COLUMBUS, Ohio July 26, 2011 Washington, D.C. Paul Andre Lisa Kobialka Daryl Joseffer Adam Conrad Delaware July 27, 2010
At trial, Facebook was judged to be "literally infringing" Leader’s U.S. Patent No. 7,139,761 on 11 of 11 claims, and the jury also found that the invention was not obvious over the published prior art. Put simply, this means that the software engine driving Facebook is Leader’s invention.
However, the jury found the patent invalid on the theory that Leader had engaged in premature commercial activity more than one year before the patent application was filed. According to Leader, while much evidence was presented on both sides regarding infringement and prior art, Facebook presented no evidence to support its allegations of early commercial activity. Facebook had the "heavy burden" to present "clear and convincing evidence" to prove its allegation that Leader disclosed the invention prematurely. The clear and convincing standard was recently reaffirmed by the Supreme Court in Microsoft v. i4i.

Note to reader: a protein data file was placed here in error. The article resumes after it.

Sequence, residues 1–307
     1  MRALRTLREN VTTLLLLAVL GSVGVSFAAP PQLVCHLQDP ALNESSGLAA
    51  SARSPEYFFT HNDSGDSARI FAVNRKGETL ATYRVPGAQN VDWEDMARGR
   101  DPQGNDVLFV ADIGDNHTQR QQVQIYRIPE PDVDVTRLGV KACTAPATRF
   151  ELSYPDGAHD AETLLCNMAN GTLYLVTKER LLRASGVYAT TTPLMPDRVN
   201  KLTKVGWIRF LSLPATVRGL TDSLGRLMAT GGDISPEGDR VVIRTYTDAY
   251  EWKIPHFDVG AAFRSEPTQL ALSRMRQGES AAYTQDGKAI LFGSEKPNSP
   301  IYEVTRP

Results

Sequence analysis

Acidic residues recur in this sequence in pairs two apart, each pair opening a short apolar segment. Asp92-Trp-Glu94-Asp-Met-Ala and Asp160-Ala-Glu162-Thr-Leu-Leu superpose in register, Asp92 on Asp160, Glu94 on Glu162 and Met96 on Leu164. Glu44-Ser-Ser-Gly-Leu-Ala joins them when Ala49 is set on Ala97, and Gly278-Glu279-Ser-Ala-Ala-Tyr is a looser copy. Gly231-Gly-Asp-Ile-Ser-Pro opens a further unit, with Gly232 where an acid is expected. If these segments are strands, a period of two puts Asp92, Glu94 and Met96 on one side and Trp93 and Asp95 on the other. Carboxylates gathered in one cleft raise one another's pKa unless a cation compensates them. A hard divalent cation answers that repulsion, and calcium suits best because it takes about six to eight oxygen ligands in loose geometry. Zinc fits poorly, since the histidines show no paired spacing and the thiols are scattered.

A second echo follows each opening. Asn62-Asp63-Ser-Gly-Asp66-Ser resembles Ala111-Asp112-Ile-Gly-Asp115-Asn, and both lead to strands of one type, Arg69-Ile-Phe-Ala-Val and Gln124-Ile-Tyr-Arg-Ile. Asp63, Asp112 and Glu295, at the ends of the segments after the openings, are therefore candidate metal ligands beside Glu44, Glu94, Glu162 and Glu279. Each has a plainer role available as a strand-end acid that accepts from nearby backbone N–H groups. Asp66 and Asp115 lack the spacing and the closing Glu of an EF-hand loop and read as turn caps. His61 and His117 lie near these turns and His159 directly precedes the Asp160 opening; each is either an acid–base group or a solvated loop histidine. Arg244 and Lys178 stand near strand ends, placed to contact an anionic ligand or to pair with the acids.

Leader argues that an attempt to invalidate computer software inventions requires hard evidence like source code, engineering documents, developer testimony, drawings, schematics and expert witnesses to prove early commercial activity. Facebook provided no such proof. Leader cites cases where invalidity verdicts were overturned when infringers failed to provide hard evidence.
The law on Facebook’s burden of proof requires Facebook to prove that each and every element of Leader’s invention was present in the alleged 2002 offers. Leader states that various products were sold in 2002, but none of them included the invention "because it did not exist at that time."
Leader argues that "if requiring clear and convincing evidence of invalidity is to be more than an empty semantic exercise, it must mean that the jury’s verdict here cannot stand."
Facebook’s response is due according to the court Rules.
Columbus, Ohio John Needham www.leader.com
SOURCE Leader Technologies